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  • br week and moderate high PA participation in br

    2020-07-04


    week and moderate/high PA participation in
    PA ≥two times per week. On the right side
    PA ≤three times per week and moderate/high
    PA participation in PA ≥ four times per week.
    TSST.
    4. Discussion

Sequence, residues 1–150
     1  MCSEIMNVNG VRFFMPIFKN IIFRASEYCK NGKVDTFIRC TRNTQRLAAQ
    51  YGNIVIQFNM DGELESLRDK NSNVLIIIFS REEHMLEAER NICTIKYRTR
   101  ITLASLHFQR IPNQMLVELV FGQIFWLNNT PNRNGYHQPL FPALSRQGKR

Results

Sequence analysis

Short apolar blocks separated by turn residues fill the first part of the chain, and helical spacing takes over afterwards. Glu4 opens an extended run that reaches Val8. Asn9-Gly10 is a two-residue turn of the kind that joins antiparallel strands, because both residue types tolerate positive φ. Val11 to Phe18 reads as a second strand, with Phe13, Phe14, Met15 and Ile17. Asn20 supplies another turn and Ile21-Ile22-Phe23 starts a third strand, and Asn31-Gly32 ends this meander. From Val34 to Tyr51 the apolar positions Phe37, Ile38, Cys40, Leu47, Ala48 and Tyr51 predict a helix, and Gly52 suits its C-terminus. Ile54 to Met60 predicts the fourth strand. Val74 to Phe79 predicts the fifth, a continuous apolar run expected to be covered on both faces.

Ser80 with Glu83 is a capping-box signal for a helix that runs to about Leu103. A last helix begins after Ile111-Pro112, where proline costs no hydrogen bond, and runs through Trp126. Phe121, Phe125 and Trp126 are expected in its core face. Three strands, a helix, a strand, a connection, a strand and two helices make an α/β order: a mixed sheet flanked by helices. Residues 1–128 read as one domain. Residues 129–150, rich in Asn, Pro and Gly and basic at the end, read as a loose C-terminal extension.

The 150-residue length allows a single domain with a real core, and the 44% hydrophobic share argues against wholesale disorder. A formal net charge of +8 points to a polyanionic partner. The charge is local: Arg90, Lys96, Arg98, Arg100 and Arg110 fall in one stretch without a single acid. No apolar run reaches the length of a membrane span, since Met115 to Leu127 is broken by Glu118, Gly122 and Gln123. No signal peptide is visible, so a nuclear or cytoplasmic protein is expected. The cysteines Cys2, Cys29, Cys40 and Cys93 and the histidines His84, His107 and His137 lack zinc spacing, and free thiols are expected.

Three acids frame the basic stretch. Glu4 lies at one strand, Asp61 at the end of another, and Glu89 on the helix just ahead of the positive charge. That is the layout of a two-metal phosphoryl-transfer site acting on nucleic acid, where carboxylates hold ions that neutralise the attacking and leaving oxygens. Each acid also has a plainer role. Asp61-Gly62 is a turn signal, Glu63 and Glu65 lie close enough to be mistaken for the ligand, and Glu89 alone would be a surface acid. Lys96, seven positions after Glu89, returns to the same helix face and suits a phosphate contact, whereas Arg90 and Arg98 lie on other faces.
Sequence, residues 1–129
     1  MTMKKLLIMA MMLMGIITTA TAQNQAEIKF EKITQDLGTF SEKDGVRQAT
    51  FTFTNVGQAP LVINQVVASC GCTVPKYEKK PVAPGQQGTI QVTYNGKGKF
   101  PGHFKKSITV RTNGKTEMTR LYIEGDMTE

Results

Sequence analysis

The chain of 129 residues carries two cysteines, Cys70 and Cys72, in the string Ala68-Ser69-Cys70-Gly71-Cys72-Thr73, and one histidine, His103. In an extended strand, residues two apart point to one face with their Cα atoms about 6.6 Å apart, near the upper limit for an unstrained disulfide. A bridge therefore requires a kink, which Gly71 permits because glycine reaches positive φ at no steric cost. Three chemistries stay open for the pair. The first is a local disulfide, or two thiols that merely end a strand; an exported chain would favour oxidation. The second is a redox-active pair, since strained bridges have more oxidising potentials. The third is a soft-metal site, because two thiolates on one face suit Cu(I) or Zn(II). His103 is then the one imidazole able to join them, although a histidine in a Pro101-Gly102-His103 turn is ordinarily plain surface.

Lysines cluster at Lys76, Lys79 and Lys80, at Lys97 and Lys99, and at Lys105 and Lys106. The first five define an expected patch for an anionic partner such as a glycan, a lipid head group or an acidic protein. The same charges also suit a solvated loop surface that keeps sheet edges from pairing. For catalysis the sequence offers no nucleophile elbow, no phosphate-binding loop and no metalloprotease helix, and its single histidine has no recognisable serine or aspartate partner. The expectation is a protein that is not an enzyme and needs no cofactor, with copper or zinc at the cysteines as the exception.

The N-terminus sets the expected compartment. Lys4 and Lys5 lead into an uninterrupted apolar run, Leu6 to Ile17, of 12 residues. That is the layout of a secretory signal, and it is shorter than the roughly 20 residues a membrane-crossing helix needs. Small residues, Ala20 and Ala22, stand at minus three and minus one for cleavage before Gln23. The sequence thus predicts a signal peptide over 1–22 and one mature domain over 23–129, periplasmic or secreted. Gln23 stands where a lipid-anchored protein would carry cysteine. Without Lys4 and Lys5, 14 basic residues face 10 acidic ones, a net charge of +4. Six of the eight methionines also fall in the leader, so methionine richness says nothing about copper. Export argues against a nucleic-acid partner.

The specific objectives of the present study were to assess whether aerobic PA is associated with diurnal and reactive LY3009120 patterns, and whether the association between aerobic PA and cortisol patterns dif-fered between women with and without a history of BC. In regards to our first objective, our hypothesis that women who engaged in aerobic PA more frequently (moderate/high PA group) would exhibit sig-nificantly less abnormalities in their cortisol patterns than those who engaged in aerobic PA less frequently or not at all (no/low PA group) was not supported as diurnal and reactive cortisol patterns did not differ statistically across aerobic PA groups. In regards to our second objective, a marginally significant (p = .05) cancer experience by aerobic PA interaction was observed when analyzing diurnal cortisol data suggesting that women without a history of BC who engaged in aerobic PA more frequently (moderate/high PA group) had a lower cortisol level at awakening and 30 min after awakening than women with a history of BC. Moreover, the association between aerobic PA and reactive cortisol patterns appeared to differ statistically based on wo-men’s cancer experience (i.e., history vs. no history of BC) when using the PA1 cutoff, whereby women without a history of BC had a sig-nificantly higher overall cortisol reactivity to an acute stressor (both in terms of AUCi and time point fluctuations) than women with a history of BC.